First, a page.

After I finished my 12th standard and only days before I was about to leave for Mumbai to start studying chemical engineering, I had a moment of panic. I knew engineering was going to be a lot of work. It was going to take four long years and because my dream was to become a businessman, just like my dad, I did not quite understand the relevance of studying science.

Chemical engineering seemed like a good idea to me because I liked maths and chemistry. I had given little thought to how that will help me achieve my dreams.

I asked my dad that evening, “Why am I studying engineering if I only want to become businessman later?”

The answer I got from him is the reason why I entered college more confidently than I ever would have. He said, “An engineering degree at an institute of such repute will open doors for you that you never knew existed. Being amongst intelligent people will give you a perspective to life that will help you flourish later. Studying difficult subjects and excelling at them will allow you to gain skills that you can apply to any difficult task that you may be faced with in the future.”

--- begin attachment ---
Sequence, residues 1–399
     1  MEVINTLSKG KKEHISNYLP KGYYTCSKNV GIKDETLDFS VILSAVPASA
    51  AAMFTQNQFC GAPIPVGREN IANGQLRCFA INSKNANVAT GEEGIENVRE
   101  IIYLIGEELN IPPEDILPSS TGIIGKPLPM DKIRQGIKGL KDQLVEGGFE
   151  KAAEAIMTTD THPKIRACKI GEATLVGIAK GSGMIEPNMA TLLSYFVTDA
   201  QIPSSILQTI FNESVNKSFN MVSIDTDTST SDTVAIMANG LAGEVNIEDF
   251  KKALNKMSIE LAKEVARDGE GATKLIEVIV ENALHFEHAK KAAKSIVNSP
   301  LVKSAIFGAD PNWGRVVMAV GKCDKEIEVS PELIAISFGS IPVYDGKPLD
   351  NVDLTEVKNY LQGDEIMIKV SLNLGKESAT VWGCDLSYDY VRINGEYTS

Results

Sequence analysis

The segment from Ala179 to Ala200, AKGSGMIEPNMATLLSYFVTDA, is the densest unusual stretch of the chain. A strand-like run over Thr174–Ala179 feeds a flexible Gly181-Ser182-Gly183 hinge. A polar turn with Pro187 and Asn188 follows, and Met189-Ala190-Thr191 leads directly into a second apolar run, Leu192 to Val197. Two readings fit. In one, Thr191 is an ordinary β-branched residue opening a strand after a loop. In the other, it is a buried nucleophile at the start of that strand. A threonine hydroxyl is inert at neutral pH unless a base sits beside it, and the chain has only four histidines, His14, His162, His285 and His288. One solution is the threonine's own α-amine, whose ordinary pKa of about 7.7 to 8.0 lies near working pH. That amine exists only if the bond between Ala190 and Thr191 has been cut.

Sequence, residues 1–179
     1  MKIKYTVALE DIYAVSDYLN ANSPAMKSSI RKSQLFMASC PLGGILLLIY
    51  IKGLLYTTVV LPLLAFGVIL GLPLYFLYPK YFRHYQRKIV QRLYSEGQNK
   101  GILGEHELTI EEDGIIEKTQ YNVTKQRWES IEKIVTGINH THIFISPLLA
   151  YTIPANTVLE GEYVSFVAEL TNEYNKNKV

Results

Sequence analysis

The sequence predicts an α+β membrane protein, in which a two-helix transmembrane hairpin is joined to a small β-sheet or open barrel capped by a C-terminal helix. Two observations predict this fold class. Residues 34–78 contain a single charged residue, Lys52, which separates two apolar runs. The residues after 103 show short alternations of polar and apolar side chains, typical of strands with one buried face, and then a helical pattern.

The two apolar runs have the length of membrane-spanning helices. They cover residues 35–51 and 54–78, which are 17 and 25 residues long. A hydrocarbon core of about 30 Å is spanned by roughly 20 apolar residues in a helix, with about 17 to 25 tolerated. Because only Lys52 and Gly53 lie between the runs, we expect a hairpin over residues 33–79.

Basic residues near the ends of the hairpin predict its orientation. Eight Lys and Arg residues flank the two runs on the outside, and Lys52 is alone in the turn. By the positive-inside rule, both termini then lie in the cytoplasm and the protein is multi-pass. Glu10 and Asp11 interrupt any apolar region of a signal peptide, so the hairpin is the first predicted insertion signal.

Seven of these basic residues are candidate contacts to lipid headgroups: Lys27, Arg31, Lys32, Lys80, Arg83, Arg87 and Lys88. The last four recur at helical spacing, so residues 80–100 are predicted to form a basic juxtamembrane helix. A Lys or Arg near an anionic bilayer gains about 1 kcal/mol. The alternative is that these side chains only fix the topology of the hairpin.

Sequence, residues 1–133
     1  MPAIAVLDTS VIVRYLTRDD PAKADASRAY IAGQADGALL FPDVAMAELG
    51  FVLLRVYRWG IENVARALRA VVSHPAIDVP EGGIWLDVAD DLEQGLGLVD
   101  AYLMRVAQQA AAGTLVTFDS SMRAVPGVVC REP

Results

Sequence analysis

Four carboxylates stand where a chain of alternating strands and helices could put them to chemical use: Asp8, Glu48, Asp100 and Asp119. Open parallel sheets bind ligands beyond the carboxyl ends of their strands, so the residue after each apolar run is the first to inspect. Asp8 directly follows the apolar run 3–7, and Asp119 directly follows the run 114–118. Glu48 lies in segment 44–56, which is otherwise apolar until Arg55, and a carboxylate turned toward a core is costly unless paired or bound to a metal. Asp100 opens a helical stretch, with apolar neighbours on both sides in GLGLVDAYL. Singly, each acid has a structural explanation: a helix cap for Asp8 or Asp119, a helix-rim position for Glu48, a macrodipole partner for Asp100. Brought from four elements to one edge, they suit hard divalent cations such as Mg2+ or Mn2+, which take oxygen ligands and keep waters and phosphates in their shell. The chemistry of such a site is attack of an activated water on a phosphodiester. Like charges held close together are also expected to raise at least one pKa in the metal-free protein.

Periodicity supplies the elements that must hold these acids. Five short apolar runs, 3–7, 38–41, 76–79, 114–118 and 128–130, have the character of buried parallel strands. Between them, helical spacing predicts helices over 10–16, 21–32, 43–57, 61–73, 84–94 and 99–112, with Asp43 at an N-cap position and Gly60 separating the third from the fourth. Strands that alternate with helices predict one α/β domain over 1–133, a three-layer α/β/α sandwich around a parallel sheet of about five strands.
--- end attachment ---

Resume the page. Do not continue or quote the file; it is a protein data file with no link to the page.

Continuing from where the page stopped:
My Dad could not have been any more correct in the response that he gave. By the time I finished my engineering degree, my dream to go and get an MBA and earn lots of money had changed to becoming a scientist who spent many hours in the lab in pursuit of difficult answers, not in the pursuit of money. It was all the things he mentioned – the opportunities, the people and the difficult but fulfilling work – that played a role in helping make such an important decision in my life.

Here’s the lesson – I would have asked the question ‘Why?’ a lot more when I took any big decision in my life. I would have asked that question to as many people as I could till I found a satisfying answer. This habit of asking ‘Why?’ has been a very useful tool for me. And yet, I feel I did not ask that question enough number times for the big decisions in life.

If you take nothing else from these stories today, just remember that friends are many more times valuable than you think, being able to communicate well is a necessity to succeed and asking difficult questions at the time of taking big decisions in life will help you tremendously.

Thank you for listening and wish you success in your your future endeavours.